With this method you need to set up the popup classes for the control and the popup. It is mainly aimed at the tooltip example, e.g. if you click in a field and then a tooltip shows. The method will give the control the aria tags to show it has a popup and the tooltip the tags to show what controls it. You can also pass the role type, but by default it is ‘tooltip’.

Show and Hide Popup

These are more helper methods to the above. When the popup shows or hides you can call these method to update the elements settings.

Checked Elements (has auto)

Both Checkboxes and Radio buttons will automatically have the check item injected with the ARIA ‘aria-checked’. This marks if the element is checked or not, for which the change event is also added to all of the elements so if it becomes checked or unchecked then it is updated.

Disabled (has auto)

Any disabled element will have the ‘aria-disabled’ tag added to it.

Selected Option (has auto)

This will make all the options in a select element ‘aria-selected: false’ then find the selected option to set it to true. It also adds the event change to detect when the selected has changed and updates them.

Max and Min (has auto)

This will mainly be for inputs with a max or min value. It finds if they have a value then puts them in their relative tags, either ‘aria-valuemin’ or ‘aria-valuemax’.

Navigation (only has auto)

A complex one, but easy to set up. With all the correct settings this can add the tags to show up to screen readers as a navigation. It will also tag the links as menu items and the sub menu as well as being a popup. It uses the hover event to detect when the sub menu is being shown.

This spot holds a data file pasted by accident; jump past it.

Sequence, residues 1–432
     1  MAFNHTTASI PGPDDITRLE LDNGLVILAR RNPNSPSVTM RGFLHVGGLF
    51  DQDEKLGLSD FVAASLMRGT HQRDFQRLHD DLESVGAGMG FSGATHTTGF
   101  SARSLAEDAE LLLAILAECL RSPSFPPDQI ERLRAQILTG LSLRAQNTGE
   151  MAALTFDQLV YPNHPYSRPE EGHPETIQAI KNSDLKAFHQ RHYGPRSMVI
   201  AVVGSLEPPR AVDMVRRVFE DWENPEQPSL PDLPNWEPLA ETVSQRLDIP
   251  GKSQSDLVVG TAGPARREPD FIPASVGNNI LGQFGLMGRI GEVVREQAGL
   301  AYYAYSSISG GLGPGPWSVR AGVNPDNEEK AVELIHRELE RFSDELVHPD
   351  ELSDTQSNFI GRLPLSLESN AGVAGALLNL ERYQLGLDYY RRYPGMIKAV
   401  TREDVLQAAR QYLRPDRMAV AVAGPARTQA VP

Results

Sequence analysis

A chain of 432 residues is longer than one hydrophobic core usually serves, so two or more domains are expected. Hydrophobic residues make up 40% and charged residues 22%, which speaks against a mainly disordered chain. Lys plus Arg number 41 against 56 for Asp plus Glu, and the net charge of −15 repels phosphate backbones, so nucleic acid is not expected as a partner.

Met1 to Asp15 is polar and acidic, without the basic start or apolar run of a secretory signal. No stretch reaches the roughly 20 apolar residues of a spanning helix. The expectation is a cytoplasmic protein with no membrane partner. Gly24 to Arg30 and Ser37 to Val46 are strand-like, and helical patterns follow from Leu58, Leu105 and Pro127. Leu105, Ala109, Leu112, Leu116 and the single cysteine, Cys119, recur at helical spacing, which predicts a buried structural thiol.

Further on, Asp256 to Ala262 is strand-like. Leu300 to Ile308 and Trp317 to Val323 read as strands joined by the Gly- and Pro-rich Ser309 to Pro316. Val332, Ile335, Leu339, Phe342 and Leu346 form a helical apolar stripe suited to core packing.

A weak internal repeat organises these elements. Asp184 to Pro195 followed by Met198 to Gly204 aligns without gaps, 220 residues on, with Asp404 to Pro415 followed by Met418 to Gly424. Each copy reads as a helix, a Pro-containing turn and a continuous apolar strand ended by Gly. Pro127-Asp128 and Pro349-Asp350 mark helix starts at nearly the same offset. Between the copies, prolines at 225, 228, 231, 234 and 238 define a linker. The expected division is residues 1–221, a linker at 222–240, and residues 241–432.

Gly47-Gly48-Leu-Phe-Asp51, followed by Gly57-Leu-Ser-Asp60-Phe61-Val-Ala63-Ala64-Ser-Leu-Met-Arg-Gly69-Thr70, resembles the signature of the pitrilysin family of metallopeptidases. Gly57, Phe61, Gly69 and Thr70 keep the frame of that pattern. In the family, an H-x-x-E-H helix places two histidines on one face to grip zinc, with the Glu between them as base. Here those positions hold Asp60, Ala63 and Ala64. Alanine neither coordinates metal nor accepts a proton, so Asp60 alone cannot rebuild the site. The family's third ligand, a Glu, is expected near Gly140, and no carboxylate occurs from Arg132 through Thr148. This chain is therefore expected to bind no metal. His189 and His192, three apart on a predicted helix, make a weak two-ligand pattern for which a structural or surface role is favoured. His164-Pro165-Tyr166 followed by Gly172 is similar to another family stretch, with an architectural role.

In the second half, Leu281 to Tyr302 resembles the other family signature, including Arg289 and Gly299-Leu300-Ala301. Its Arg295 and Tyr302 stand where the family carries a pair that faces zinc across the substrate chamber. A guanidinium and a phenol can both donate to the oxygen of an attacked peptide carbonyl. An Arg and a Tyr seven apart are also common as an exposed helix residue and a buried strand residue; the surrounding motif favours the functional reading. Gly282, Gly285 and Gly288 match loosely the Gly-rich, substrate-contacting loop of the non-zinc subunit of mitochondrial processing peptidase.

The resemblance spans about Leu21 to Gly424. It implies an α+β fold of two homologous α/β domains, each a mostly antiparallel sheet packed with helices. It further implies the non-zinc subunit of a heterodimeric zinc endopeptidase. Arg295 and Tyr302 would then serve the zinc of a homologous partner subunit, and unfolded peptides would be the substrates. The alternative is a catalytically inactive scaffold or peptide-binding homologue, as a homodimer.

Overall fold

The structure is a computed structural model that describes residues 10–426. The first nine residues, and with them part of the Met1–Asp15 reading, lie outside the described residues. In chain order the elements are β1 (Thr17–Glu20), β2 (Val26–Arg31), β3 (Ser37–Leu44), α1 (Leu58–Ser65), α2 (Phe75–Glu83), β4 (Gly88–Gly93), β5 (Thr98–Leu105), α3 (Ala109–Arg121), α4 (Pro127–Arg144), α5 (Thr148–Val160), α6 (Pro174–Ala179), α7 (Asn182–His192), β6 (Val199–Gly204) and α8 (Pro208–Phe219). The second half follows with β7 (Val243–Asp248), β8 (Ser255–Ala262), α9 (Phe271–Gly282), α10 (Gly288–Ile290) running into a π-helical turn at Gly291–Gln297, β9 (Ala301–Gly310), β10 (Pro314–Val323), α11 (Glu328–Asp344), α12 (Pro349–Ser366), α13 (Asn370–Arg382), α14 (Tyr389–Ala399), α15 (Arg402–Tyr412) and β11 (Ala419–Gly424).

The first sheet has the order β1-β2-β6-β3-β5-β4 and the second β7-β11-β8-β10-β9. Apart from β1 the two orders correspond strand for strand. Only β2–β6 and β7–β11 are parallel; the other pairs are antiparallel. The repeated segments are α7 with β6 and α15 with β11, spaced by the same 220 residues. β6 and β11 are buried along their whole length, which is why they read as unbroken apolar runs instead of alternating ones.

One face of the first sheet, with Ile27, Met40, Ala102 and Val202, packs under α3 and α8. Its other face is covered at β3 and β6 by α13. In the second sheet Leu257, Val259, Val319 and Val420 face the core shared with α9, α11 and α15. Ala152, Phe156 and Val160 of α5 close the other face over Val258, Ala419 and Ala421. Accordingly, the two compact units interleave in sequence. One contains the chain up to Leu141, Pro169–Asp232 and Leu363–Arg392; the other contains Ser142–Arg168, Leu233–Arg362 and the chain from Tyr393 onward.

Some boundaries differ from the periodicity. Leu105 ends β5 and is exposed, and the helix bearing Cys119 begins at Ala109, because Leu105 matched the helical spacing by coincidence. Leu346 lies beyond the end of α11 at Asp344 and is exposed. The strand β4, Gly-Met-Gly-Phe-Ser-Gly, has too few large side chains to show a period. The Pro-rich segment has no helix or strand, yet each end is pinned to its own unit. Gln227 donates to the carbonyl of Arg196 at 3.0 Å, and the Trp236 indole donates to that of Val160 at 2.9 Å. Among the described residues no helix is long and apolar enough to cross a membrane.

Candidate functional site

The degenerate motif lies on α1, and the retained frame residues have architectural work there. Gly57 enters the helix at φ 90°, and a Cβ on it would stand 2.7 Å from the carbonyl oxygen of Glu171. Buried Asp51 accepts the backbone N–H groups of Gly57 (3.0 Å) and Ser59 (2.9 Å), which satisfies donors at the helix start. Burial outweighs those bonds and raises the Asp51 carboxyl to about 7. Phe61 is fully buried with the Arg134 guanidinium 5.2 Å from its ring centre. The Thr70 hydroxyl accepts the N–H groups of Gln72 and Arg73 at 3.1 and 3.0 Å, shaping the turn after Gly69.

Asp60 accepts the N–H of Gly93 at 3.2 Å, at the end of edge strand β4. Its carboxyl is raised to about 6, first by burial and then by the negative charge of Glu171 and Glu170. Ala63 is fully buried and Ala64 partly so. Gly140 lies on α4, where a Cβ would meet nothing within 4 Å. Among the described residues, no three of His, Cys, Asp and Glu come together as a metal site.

Button (has auto)

This will detect the all button types and add its role as ‘button’


ARIA Control Library V1 Options Breakdown

autoDetect (default = true)

This determines if to automatically tag the elements or to only allow manual running.

alertClass (default = .acAlert)

Used for the auto detection for Alert Notifications.

warningClass (default = .acWarning)

Used for the auto detection for Warning Notifications.

msgClass (default = .acMsg)

Used for the auto detection for Message Notifications.

popupClass (default = .acTooltip)

The class of the popup or, as the example was, the tooltip.

popupCtrlClass (default = .acTooltipCtrl)

The element that triggers the popup or tooltip to show.

popupType (default = tooltip)

The role of the popup.

hiddenMsgClass (default = .acHiddenMsg)

The class of any hidden messages that don’t show to slighted users.

navClass (default = .acNav)

The navigation containers class.

navParentClass (default = .acSubNav)

The top level links class.

navSubNavClass (default = .acSubMenu)

The sub menu class.